Given several market factors, Ducker is projecting a pending surge in job opportunities within the court reporting industry. According to the forecast, more than 5,500 new stenographic court reporting and captioning jobs are anticipated across the United States by 2018. Researchers predict that the states with the greatest demand will include California, Texas, Illinois, and New York. While the demand and supply are currently in balance, with some limited regional shortages and surpluses across the country, a handful of marketplace drivers will cause demand for court reporters to exceed supply within five years. Some of the factors that come into play in the predictions will be the continued preference for court reporters in the legal arena, even as the industry undergoes transition, new technologies that will assist court reporters in bringing additional value to the marketplace, and an increased demand for captioning services.
While these facts present an appealing sense of job security for the next generation of stenographic court reporters, it also presents a challenge for the profession: The current student enrollment rates simply won’t be able to meet the upcoming job demand. With new technologies and emerging competition on the horizon, it is critical that NCRA, in partnership with accredited court reporting programs across the country, work together to proactively increase enrollment across the board. With data in hand and armed with messages that tout the benefits of the long standing profession, NCRA leaders plan to have the public “take note” of what stenographic court reporting has to offer.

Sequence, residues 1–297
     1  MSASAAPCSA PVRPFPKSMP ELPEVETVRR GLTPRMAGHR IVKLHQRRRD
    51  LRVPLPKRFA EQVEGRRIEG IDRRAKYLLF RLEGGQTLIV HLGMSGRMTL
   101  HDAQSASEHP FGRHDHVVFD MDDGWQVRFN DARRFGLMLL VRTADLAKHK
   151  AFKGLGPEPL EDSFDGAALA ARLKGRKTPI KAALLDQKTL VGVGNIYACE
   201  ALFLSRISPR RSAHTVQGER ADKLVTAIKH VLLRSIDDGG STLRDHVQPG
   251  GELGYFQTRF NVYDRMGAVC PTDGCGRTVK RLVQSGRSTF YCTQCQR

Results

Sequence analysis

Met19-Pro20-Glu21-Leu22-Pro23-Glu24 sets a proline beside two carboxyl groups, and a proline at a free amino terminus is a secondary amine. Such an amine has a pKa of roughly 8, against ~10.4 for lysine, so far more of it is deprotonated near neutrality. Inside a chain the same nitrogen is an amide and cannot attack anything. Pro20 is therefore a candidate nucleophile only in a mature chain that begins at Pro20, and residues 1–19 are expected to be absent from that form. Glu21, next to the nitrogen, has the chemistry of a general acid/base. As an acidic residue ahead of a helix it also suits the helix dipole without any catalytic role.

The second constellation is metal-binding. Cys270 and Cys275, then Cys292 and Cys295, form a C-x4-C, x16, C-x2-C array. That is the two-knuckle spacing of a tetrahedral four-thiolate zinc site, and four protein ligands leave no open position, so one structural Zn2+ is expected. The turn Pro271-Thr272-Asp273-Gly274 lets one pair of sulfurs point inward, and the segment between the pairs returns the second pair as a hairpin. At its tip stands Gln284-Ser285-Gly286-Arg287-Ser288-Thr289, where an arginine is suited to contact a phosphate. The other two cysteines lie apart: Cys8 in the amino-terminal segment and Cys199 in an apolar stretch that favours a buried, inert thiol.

SHOUTING FROM THE ROOFTOPS